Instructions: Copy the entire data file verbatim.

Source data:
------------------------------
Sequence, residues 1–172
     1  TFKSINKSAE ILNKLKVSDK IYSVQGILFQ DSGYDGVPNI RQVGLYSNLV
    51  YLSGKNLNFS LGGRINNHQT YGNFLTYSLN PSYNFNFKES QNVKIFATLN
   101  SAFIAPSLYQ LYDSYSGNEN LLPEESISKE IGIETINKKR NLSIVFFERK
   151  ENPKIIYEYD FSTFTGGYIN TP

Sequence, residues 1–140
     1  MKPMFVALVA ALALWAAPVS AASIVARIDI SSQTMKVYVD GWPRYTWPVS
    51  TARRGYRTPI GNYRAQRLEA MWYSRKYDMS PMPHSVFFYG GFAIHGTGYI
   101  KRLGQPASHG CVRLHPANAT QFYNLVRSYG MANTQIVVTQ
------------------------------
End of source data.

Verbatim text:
Sequence, residues 1–172
     1  TFKSINKSAE ILNKLKVSDK IYSVQGILFQ DSGYDGVPNI RQVGLYSNLV
    51  YLSGKNLNFS LGGRINNHQT YGNFLTYSLN PSYNFNFKES QNVKIFATLN
   101  SAFIAPSLYQ LYDSYSGNEN LLPEESISKE IGIETINKKR NLSIVFFERK
   151  ENPKIIYEYD FSTFTGGYIN TP

Sequence, residues 1–140
     1  MKPMFVALVA ALALWAAPVS AASIVARIDI SSQTMKVYVD GWPRYTWPVS
    51  TARRGYRTPI GNYRAQRLEA MWYSRKYDMS PMPHSVFFYG GFAIHGTGYI
   101  KRLGQPASHG CVRLHPANAT QFYNLVRSYG MANTQIVVTQ